Just when you think it's safe, somebody wearing red and black will shout in your ear, "How 'bout them Dawgs!" True devotion runs so deep that in place of "Good morning," these folks greet each other with the passwords to football heaven, "Go Dawgs!" A man in a Confederate Air Force captain's jacket said, "Our Dawgs gonna sit on Pitt!"
Georgia's Bulldogs can win a second straight national college football championship New Year's Day by beating Pitt in the Sugar Bowl. The No. 2-ranked Dawgs would need help in the Orange Bowl, played simultaneously, where a Nebraska victory over No. 1 Clemson likely would make Georgia the eighth and last No. 1 team of this topsy-turvy season.
"That our game is for the national championship is an assumption we'll have to make," said Georgia Coach Vince Dooley, whose Dawgs lost early in the year to Clemson, 13-3, but won their other 10 games.
"We can't win the national championship," said Pitt Coach Jackie Sherrill, "but we can have a say in who does." No. 1 after 10 straight victories, Pitt fell to eighth and 10th in the polls by losing to Penn State, 48-14.
Nearly 80,000 spectators, most of them from the Dawg pounds and barking proudly, will be in the Superdome to see if Georgia can become the ninth team in 46 years to win back-to-back national championships in the Associated Press poll. Only two teams have repeated for United Press International.
To win, Georgia needs a spectacular game from--take a guess at who.
You're close with Herschel Walker. The top Dawg could run for 200 yards. That's not likely against a Pitt defense allowing 62.4 yards rushing a game, the best in the country.
You're close, too, with Jimmy Payne, a defensive tackle who is 6 feet 4 and 243 pounds of mean. "Payne is the best football player I've ever seen, outside of Hugh Green," Sherrill said, naming last year's Pitt all-America. If Payne can discombobulate quarterback Dan Marino, the Pitt offense is mediocre.
But Georgia can win only if quarterback Buck Belue passes for more than 200 yards.
He can. Not that anyone who saw last year's Sugar Bowl believes it. In the 17-10 victory over Notre Dame, Belue threw 11 incomplete passes before finally getting his last one caught for seven yards.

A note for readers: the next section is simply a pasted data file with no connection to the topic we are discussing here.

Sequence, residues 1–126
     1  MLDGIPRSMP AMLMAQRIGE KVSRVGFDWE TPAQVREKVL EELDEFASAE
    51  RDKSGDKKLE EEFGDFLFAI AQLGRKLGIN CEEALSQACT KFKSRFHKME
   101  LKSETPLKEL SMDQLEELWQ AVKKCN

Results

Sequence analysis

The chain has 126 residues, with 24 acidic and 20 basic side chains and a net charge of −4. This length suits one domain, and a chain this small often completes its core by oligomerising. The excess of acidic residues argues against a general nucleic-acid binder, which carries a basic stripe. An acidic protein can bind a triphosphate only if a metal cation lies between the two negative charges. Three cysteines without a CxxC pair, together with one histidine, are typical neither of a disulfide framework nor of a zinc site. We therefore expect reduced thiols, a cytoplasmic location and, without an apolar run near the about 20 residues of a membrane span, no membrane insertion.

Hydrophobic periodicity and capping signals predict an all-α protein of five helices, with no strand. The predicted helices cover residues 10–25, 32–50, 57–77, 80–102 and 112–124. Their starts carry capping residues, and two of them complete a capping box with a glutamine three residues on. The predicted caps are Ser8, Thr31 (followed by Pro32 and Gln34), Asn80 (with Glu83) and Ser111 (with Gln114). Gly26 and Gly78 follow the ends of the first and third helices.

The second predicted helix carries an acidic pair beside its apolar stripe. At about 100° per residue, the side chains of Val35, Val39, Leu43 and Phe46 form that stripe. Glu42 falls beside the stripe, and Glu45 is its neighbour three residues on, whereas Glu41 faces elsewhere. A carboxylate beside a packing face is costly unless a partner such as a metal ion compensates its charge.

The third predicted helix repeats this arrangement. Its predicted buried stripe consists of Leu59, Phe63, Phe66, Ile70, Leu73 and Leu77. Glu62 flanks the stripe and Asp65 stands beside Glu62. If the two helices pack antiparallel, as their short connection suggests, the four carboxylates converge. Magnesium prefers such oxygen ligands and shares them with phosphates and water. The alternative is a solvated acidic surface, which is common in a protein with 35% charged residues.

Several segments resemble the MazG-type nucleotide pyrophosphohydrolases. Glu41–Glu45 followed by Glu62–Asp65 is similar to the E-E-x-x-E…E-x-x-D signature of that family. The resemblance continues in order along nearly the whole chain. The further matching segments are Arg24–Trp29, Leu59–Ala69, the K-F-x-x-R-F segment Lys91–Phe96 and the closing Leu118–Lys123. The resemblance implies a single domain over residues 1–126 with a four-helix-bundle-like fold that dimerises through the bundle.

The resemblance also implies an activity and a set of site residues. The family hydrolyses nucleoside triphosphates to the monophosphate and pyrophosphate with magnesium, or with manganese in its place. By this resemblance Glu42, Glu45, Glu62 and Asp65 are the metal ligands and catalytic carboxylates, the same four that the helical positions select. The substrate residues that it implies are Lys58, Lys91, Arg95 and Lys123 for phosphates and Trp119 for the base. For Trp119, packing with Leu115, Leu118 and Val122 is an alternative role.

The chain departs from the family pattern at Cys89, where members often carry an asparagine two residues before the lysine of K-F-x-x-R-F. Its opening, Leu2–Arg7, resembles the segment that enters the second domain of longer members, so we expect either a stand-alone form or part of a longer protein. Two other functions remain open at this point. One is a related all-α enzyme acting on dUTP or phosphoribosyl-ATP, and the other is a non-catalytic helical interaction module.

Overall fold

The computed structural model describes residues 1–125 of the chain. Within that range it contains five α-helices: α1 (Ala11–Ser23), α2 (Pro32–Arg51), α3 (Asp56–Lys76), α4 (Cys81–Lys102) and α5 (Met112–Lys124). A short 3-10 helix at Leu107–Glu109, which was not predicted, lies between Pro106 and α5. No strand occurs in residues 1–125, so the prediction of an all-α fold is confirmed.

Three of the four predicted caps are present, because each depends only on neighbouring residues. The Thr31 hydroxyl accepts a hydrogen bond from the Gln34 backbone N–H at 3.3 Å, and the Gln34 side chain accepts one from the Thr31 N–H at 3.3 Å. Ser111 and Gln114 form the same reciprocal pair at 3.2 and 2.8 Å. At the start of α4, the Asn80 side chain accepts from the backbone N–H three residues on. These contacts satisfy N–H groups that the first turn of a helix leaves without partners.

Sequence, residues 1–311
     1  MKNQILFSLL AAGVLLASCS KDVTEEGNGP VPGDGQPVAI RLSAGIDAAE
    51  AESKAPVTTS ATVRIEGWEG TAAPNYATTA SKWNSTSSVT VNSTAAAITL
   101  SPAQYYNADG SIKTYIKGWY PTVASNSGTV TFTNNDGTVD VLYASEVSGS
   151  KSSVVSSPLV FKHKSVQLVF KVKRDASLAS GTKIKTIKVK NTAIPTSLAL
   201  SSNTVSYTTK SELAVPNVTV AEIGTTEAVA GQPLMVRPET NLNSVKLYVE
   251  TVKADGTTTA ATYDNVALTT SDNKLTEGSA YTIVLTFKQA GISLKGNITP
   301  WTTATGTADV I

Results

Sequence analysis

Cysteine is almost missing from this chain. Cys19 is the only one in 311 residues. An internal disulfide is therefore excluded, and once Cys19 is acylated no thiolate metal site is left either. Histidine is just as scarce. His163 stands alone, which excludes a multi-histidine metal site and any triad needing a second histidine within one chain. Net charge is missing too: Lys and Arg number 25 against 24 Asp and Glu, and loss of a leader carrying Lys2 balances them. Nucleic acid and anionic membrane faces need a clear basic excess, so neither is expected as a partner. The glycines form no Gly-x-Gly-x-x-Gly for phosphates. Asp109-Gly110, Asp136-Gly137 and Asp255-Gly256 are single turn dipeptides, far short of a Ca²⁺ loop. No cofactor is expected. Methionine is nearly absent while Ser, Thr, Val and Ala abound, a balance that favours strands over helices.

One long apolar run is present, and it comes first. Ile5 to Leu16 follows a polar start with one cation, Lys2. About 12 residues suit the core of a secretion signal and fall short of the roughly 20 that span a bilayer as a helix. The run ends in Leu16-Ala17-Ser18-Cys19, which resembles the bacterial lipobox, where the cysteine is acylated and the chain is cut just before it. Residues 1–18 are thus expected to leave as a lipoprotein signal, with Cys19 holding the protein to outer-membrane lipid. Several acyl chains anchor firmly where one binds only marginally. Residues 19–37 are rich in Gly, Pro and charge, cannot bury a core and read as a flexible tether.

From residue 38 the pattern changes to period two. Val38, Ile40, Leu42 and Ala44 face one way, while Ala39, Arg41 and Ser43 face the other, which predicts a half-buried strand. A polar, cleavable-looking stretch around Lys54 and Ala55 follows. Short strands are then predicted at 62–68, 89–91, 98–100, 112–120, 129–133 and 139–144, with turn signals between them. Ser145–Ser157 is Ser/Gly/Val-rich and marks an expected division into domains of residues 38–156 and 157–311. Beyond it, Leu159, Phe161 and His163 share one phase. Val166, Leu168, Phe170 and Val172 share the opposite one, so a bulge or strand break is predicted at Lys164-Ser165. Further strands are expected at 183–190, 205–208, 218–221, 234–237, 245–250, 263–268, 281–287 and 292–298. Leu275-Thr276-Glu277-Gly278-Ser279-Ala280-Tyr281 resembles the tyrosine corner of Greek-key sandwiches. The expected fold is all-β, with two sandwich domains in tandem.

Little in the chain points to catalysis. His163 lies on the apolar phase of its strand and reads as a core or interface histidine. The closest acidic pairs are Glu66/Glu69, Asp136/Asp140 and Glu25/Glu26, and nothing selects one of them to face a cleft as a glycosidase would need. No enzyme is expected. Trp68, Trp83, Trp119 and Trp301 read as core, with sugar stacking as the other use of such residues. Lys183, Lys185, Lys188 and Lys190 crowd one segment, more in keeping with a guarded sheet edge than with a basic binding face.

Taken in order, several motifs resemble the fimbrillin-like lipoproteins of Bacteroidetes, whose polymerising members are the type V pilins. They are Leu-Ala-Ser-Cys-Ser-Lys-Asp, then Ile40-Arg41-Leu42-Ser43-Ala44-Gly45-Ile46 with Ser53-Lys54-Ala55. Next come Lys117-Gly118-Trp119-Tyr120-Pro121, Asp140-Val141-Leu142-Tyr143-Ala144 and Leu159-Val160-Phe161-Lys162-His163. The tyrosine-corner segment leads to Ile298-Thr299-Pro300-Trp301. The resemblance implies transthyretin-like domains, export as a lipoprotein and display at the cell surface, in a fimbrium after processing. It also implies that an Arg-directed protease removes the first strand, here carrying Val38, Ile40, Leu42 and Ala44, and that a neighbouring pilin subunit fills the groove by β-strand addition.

"Buck is a vastly improved quarterback now," said Dooley, who said the Belue-to-Lindsay Scott combination is "the most productive quarterback-receiver combination we have had at Georgia."
Belue completed 114 of 188 passes this season. His average game was 10 of 17 for 145 yards. Scott, a flanker, caught 42 passes for 728 yards. No other Dawg catcher had more than 18 receptions and 380 yards.
"Georgia will play two split ends more than ever," Sherrill said. "And they'll throw more than ever."
Belue's ability to keep drives alive by passing over the immovable Pitt defensive line is only slightly more critical than Georgia's work against Marino.
Sherrill calls Marino "the greatest quarterback" he's been around. Sherrill played at Alabama with Joe Namath. "The passing game back then wasn't what it is now," Sherrill said. "Danny is the best at knowing where all the dots are."
That is chalk-board talk for knowing where the defenders were when Marino threw his 339 passes this season. He completed 200 for 2,615 yards and 34 touchdowns. His average day: 18 of 31, 238 yards, three touchdowns.
Along with its defensive line, Pitt has an offensive line good enough to allow only seven sacks this season (16 in the last two years on over 750 passes).
Georgia ranked last in the SEC in pass defense while ranking No. 2 to Pitt in national rushing defense. Dooley says the pass defense is poor because of a weak pass rush.
"The combination of our pass rush being bad and their pass protection being the best I've ever seen worries me," Dooley said.
"We'll have to put pressure on Marino to win," said Payne, the defensive tackle who led Georgia with 12 sacks this year. "We'll have to frustrate him. I anticipate an offensive game. They know that teams have moved the ball on us by throwing it and dumping it off. We'll just have to make something happen."